Thursday, December 8, 2011
Not everyone's a winner, baby
With the advent, in the late 1990s, of dross that began with Big Brother and culminated in I'm A Celebrity, Get Me Out Of Here, it appears that there is a new modus operandi for the youth of today - and it has nothing to do with aiming for an A+ in algebra.
In the 70s, one was happy with a gold star in the exercise book for exceptionally good work, and one also took it on the chin when one got nothing, realising that one had not truly excelled at anything in particular during the year. However, that was then, and this is now.
Having endured a veritable caboodle of School Presentation Days this week, two distinct and palpable themes began to emerge - one that had me back in 1997 dusting off my CD single of Wannabe by the Spice Girls, and the other cranking out Elton's Lucy in the Sky with Diamonds. The songs, I think, speak volumes about the obsessions of their age. But I waver from my course.
The first of the Presentation Days was a delightful reflection on the rewards of Persistence and Confidence. The two-hour production went off without even the glimmer of a hitch. No duffed lines, no wardrobe malfunctions, no melt-downs. Rather impressive from a hundred or so 5-year-old girls, but somehow rather too precise for my liking. Hmmm...the apologue wasn't clear until I'd partaken of the next two events.
The second Presentation Day was the clincher in the quest to prove my allegorical theory. It too was a deliciously wholesome display, this time of little men fancied up and showing off their various talents. However in this one EVERY SINGLE BOY received a prize. The pointy heads in 2S must have been up all night thinking up some of these hum-dingers. "Best Friend in a Crisis", "Most Enthusiastic Trumpet Playing" - the list went on and on and was only marginally pipped by the hearty applause as each group was ushered off centre stage. The whole plot slightly alarmed me. The school had moved into 1990s mode, and I desperately wanted them to be playing a tune from 1975.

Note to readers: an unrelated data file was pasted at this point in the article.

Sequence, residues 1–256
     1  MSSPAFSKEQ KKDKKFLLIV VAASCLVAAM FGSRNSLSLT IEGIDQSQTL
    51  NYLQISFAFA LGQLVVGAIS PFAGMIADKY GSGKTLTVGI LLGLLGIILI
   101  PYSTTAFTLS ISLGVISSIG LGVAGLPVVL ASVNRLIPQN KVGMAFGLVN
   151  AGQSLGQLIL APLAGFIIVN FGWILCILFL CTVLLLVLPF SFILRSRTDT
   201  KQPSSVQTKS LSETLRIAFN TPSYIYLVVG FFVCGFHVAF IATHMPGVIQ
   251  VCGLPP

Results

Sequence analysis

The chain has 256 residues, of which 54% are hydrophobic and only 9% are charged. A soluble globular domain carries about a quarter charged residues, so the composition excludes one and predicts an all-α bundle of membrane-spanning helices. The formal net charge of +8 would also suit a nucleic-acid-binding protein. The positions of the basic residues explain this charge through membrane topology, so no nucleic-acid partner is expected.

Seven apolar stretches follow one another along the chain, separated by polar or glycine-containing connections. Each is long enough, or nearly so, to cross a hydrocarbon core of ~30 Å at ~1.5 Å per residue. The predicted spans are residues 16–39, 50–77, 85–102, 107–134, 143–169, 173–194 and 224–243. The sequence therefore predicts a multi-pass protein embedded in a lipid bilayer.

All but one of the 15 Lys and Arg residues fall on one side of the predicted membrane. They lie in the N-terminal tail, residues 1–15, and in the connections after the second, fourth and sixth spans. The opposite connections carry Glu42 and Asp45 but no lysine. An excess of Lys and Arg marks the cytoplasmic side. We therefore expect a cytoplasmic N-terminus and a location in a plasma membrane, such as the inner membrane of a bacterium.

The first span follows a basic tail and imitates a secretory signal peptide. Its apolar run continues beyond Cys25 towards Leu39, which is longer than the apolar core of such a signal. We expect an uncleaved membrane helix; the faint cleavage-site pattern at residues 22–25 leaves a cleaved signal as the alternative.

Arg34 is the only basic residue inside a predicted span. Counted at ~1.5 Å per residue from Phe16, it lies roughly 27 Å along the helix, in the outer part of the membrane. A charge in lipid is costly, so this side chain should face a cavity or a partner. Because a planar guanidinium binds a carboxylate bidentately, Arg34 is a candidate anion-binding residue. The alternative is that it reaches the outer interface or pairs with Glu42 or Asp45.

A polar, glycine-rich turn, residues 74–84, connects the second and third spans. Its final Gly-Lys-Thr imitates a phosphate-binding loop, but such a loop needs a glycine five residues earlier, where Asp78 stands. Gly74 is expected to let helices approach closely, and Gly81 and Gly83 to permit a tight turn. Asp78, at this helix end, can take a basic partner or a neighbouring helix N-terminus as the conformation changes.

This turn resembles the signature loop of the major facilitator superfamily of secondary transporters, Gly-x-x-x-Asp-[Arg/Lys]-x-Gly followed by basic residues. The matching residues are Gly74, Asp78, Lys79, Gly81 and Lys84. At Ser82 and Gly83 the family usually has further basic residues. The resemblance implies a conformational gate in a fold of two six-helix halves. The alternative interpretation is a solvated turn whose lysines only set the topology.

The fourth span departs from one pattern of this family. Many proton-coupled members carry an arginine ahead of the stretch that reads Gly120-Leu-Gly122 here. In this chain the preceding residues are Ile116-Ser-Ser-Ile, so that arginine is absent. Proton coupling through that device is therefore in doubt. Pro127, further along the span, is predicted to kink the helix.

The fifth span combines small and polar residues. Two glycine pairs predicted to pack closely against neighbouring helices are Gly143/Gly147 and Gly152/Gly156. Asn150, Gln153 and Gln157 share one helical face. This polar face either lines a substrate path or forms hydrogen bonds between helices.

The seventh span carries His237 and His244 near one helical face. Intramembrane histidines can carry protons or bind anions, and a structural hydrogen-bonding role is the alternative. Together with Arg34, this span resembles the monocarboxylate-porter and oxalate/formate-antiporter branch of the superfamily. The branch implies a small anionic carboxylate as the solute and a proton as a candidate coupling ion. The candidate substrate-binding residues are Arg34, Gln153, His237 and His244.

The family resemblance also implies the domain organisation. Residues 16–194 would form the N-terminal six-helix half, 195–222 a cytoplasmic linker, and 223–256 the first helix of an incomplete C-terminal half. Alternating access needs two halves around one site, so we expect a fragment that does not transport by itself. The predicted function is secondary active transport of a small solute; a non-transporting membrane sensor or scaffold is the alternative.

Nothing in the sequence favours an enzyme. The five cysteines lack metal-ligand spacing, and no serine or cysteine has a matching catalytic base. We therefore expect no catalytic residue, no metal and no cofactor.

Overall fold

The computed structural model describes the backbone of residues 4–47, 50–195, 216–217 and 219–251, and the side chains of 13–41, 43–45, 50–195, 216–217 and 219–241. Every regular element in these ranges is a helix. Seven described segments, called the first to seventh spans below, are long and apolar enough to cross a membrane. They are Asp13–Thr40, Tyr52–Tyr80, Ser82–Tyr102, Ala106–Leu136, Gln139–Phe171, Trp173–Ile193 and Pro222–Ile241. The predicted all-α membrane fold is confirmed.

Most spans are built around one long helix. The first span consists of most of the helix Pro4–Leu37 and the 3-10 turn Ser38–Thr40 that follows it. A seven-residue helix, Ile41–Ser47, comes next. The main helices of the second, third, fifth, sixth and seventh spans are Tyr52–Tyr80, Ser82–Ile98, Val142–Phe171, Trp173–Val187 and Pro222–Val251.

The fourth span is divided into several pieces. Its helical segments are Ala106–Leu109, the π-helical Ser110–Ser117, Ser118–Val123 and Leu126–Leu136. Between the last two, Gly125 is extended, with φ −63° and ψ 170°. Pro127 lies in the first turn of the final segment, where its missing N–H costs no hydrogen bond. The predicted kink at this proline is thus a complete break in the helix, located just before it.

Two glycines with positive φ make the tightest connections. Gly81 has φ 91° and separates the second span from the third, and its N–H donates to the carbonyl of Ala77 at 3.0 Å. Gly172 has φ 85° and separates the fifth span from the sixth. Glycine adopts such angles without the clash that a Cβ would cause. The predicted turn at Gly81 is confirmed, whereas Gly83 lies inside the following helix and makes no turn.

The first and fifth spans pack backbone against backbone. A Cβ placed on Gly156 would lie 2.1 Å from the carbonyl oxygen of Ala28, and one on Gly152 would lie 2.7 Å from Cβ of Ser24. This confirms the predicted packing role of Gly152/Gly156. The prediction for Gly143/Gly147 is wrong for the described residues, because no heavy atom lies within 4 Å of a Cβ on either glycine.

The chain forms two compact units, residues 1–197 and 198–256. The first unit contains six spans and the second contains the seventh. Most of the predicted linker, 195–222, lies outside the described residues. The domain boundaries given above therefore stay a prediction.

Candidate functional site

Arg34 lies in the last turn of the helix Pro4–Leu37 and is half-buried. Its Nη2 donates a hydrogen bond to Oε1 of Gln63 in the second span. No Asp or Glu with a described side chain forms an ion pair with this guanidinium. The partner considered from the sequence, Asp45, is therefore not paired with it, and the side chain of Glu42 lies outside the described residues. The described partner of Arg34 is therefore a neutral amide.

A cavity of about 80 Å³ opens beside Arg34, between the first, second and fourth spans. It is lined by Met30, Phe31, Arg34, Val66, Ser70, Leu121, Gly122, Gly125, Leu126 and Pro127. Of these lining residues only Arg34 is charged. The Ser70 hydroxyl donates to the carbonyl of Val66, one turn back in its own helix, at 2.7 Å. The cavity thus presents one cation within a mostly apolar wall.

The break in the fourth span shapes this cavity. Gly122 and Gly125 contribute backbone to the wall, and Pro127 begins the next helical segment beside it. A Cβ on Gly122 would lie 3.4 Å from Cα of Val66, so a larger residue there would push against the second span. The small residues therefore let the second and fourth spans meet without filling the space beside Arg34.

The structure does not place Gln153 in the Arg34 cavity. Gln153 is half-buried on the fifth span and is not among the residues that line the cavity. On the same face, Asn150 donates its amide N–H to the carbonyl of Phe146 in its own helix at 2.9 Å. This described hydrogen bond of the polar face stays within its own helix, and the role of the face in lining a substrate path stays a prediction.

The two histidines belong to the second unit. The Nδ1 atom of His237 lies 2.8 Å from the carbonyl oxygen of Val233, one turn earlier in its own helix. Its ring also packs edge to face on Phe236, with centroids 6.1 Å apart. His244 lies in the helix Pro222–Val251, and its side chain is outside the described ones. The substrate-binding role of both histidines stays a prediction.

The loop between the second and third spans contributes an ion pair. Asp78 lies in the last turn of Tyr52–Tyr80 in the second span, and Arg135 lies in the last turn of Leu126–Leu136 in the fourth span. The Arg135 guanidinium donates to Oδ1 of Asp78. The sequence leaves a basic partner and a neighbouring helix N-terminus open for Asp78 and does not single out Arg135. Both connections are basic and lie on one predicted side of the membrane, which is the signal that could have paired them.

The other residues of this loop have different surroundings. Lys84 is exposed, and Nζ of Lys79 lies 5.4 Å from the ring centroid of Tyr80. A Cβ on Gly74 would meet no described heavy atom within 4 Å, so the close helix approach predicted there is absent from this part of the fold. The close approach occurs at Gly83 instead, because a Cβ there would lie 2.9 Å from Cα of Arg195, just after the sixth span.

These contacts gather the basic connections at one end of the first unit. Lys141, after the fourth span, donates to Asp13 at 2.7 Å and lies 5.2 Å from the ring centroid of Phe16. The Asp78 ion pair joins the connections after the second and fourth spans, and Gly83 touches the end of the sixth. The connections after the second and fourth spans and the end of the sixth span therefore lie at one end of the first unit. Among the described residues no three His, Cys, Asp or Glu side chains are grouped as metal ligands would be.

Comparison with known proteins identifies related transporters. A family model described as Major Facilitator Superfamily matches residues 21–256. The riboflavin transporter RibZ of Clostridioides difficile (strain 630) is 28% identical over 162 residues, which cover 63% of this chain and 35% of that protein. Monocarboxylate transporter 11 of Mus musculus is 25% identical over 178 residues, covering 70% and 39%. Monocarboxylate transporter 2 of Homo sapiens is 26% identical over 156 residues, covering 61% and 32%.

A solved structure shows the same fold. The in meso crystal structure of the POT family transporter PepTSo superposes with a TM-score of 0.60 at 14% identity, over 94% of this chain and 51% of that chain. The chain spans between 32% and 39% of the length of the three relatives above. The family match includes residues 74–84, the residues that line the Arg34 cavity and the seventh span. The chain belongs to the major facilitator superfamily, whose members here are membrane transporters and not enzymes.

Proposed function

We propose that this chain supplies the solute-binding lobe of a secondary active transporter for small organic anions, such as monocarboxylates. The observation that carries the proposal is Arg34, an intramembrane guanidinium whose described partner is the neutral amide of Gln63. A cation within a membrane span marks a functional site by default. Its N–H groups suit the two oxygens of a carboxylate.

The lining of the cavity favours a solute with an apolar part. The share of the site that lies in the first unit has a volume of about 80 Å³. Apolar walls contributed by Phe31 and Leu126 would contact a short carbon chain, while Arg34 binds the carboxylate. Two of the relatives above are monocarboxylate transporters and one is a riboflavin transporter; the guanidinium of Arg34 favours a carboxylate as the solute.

The third Presentation Day, however, restored my faith in human rationality. As I read the Order of Proceedings my heart sank when I saw the reams of awards to be trotted out. But then an unlikely arbiter of reason tottered up to the podium. The headmistress pulled from her bag an iPad, an iPhone and a dog-eared copy of Harry Potter and the Prisoner of Azkaban. She proceeded to tell her audience how the creators of these pieces of modern iconography had been failures, also-rans, school nobodies.
And later, as she read the names of those winners who pranced jauntily up onto the stage, every loser in the house felt just a little bit better about themselves.
I beg to differ with Hot Chocolate, who entreated us to believe that everyone's a winner, baby. Rather, I'm with old Leo Tolstoy who was far more pragmatic about things. "We lost because we told ourselves we lost."